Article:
In August, I moved from Montreal after almost 10 years to the small town of Telford, Pennsylvania, a little less than an hour north of Philadelphia. It’s a beautiful little town. Our home is nestled in a small development filled with couples with kids that are around the same age as Joseph and Julian. Lots of prospective baby sitters in the next few years as well. Within 10 minutes, we have pretty much everything we could be looking for in terms of local shopping, as well as several wonderful local pizza joints.
It’s a wonderful place.
I work at myYearbook.com, a wonderful social discovery site, in New Hope, Pennsylvania. It’s a good hour commute in the morning, and a bit longer on the way back home. The people that work there are incredibly smart, highly motivated, and know their field extremely well. It’s wonderful working with them. Every day is a learning experience. It’s a wonderful place to grow and expand professionally. Between the number of published authors and open source contributors, as well different technologies we are using, it’s hard for anyone not be learning something new every day.
But why did I move?
Joseph. Born in November of 2008, he was pre-diagnosed with autism in the summer of 2010 at one-and-a-half years old. For a year, my wife and I fought he Quebec government to get help for him. Between both private and public care, he was constantly denied treatment. Coming to Pennsylvania, the public care he receives as a child with autism is light years beyond what Quebec had to offer. Before getting here, we’d gotten appointments. Within the first month, he’d received more help for autism then he’d ever gotten in Quebec. It was at the same time wonderful and sickening. To know he was getting help, and to realize how many people are still suffering in Quebec.
My greatest hack was moving to Pennsylvania and getting my son help. It was making that decision to move. When you’ve lived in a place for 10 years, it’s hard to disrupt your life. But one afternoon, after another major setback, I told my wife that I was going to move us to the US and get Joseph care. It wasn’t a discussion. It was a decision. A few months later, we left Quebec hoping for the best.
There are times in your life you are given an opportunity, but those are far and few between. Waiting on them is a mistake. Instead, you need to make your own opportunities. You need to make a decision. There was a lot of work between deciding to move, and finally moving in to our new place. I won’t say it was easy. But it was easier than I thought it would be. But still, it was a lot of work. But the hardest part was finally admitting that the only person that could make this happen was my wife and me. Making a decision.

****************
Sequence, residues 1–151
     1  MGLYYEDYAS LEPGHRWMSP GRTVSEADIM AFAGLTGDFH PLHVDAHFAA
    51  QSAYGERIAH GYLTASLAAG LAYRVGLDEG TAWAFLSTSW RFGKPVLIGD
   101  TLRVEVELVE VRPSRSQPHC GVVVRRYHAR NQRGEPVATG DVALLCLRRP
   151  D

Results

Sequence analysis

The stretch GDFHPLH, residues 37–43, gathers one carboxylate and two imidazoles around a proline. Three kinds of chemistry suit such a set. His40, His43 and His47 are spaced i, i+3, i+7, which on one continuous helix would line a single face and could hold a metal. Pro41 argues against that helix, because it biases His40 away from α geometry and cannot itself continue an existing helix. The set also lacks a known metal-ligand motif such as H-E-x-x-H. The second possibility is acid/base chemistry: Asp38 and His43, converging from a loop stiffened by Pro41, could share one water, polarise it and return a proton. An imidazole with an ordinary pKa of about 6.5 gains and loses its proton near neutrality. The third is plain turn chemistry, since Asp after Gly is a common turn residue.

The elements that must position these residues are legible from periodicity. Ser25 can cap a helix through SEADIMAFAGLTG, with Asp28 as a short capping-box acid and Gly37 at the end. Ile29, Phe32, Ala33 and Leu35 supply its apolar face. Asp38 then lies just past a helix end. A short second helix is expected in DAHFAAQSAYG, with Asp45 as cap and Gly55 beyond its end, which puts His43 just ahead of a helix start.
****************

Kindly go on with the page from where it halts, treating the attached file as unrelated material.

We all make choices in our lives. They can be simple choices. What to have for dinner? What to name a variable? What tree to use for this data set? These are easy choices. They are easy because we have control over them.
The decision to move, as big as it was, was easy to make when I understood I had to take control. I couldn’t wait on a careless government. Who could I trust, more than my wife and I, for my son’s well-being? No one.
Since moving, Joseph has received a tremendous amount of real help tailored for his condition. In November, when he turns 3, he goes in for more intensive treatment. Everywhere doors are open. The effort is on his treatment, not on finding treatment.
From the moment I made that decision until today, I never reflected on the difference of that decision as opposed to others I’ve made in my life. What, after all, truly made this decision different?
I made a choice about what I wanted. After that was made, I simply had to make it happen. Plot the course. I didn’t make a choice to make a plan to reach an outcome. I picked the destination.
People will tell you it’s not where we go but how we get there that matters. And while I don’t disagree with the latter part, the destination had better matter, or else you’re just wandering aimlessly. So what does all this mean?
Pick a destination. Get there well.